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Friends of the Earth | Natural Resources Defense Council | Sierra Club
 
FOR IMMEDIATE RELEASE: July 26, 2011
 
CONTACT: Kelly Trout, Friends of the Earth: (202) 222-0722
Josh Mogerman, Natural Resources Defense Council: (312) 651-7909
Maggie Kao, Sierra Club: (202) 675-2384
 
Rush to Judgment: 
House Passes Bill to Force Dangerous Pipeline Decision
 
WASHINGTON, July 26 – In a reckless and politically tainted ploy, the House of Representatives today approved a bill to force the Obama administration to rush a decision on the proposed Keystone XL tar sands oil pipeline. The vote flies in the face of a rash of pipeline accidents and oil spills as well as mounting evidence that the pipeline would threaten the livelihoods, health and safety of American families from Montana to Texas. 
 
The bill, HR 1938, submitted by Rep. Lee Terry of Nebraska, passed 279-147. It would require the State Department to decide by Nov. 1 whether to approve the pipeline, which TransCanada Corp. wants to build to carry dirty, toxic and corrosive crude oil from Alberta’s tar sands through six heartland states to Gulf Coast refineries. The bill would cut short the critical legally mandated safety reviews of whether the pipeline is safe and in the national interest and unnecessarily rush a decision the administration has said will come when a thorough review has been completed.
 
“While the pipeline disaster on the Yellowstone River in Montana is still unfolding, we should not approve a pipeline that isn’t needed, will raise gas prices and threatens drinking water and other resources from the Great Plains to Texas,” said Susan Casey-Lefkowitz, international program director of the Natural Resources Defense Council. “This is another example of the House’s anti-environmental agenda, putting politics and special interests ahead of science and common sense.”
 
Sen. Mike Johanns, also of Nebraska, has already predicted Rep. Terry’s bill will go nowhere in the Senate, saying “a thoughtful process” is needed. On July 15, seven senators sent a letter to Secretary of State Hillary Clinton calling on the State Department to conduct a more rigorous analysis of the pipeline’s safety and alternative pipeline routes to bypass the Ogallala Aquifer, a vital source of drinking and agricultural water for the Great Plains, before moving forward on a decision.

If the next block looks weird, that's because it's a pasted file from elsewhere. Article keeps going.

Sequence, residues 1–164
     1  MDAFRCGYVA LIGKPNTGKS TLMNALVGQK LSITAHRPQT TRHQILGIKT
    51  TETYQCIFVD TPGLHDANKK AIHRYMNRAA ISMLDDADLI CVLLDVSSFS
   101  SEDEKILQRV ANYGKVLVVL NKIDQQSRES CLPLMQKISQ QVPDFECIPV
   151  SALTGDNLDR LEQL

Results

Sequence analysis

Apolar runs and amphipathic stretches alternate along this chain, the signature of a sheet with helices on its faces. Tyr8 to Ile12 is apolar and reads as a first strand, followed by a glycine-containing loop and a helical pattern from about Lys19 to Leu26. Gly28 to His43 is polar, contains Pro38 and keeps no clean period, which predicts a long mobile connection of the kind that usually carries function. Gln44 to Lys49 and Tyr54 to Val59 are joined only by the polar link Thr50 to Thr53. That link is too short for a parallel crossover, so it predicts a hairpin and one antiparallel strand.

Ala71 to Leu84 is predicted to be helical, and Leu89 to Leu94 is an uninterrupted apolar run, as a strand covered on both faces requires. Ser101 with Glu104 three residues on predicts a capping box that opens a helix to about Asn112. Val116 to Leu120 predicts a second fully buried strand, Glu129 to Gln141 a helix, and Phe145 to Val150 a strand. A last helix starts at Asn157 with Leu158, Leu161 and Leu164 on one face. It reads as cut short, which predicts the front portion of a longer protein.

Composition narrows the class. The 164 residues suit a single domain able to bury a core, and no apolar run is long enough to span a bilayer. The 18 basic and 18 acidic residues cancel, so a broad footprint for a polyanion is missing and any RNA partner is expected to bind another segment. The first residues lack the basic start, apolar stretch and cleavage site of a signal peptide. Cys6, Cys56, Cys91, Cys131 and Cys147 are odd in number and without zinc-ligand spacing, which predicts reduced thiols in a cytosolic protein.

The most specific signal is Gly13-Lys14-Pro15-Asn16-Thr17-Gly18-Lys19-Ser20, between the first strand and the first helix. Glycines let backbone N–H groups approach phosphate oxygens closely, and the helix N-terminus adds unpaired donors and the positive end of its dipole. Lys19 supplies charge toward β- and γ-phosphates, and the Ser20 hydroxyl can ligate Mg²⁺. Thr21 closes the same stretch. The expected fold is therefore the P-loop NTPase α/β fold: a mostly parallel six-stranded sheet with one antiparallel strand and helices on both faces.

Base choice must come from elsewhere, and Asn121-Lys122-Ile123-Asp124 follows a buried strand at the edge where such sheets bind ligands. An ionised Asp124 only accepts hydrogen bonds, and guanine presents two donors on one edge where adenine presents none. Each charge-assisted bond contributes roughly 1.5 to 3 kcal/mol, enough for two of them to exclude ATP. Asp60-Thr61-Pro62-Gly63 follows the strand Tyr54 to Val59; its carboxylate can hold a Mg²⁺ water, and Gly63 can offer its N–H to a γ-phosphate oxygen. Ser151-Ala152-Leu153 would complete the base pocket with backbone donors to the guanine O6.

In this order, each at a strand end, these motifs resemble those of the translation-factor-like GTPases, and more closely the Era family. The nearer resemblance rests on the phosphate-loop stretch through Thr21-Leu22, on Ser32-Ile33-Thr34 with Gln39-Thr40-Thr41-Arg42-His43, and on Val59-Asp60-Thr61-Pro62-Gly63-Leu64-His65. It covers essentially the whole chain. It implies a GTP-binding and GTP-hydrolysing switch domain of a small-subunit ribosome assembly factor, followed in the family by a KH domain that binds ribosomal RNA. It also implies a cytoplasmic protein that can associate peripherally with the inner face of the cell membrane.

Ken Winston of the Sierra Club’s Nebraska chapter said that in pushing for a rush decision, Rep. Terry is ignoring the mounting evidence that an oil spill from the pipeline could be devastating for his own constituents. Two weeks ago, Dr. John Stansbury, a University of Nebraska hydrologist, released a study (PDF) that found even a small, undetected leak from a rupture of the pipeline in the Nebraska Sandhills could pollute the Ogallala Aquifer with carcinogenic benzene at concentrations exceeding safe levels. Dr. Stansbury’s report also found that the likelihood and amount of a spill into the Platte River was much higher than TransCanada had claimed, and that a spill into the Platte would likely impact the water supplies of Lincoln and Omaha. 
 
“This pipeline would threaten the health and livelihood of thousands of American landowners, farmers and ranchers who depend on the rivers and aquifers crossed by the pipeline,” said Winston. “It is also a threat to the drinking water of the people of Omaha that Rep. Terry is supposed to represent. The existing portion of the Keystone I pipeline, which would tie into the XL, has had a dozen spills in its first year and was recently shut down by federal regulators. The XL would be no different.”
 
Review of the pipeline under the National Environmental Policy Act (NEPA) is incomplete, and the State Department has not begun the National Interest Determination required before a decision. Both reviews should be thorough and based on science, not on an arbitrary timeline as defined by the State Department or mandated by Terry’s bill. The NEPA review lacks major pieces of pertinent information regarding greenhouse gas emissions, pipeline safety, alternative routes, and environmental justice. 
 
The House’s action comes almost exactly one year after an Enbridge pipeline carrying tar sands crude oil ruptured in Michigan, spilling as much as 1 million gallons of tar sands crude oil into the Kalamazoo River. Scientists and cleanup workers in Michigan say they still don’t know how severe or persistent the impacts of the spill will be because the U.S. has no experience dealing with a large spill of toxic and corrosive tar sands oil.
 
“The House’s vote is a foolhardy rush to judgment,” said Damon Moglen, climate and energy director at Friends of the Earth. “The State Department cannot possibly address the many glaring gaps in its environmental analysis by November, let alone consider lessons from the worrying string of recent pipeline spills. The House is saying we should simply ignore the evidence, not to mention the concerns of communities whose water and land is at risk.”
 
 
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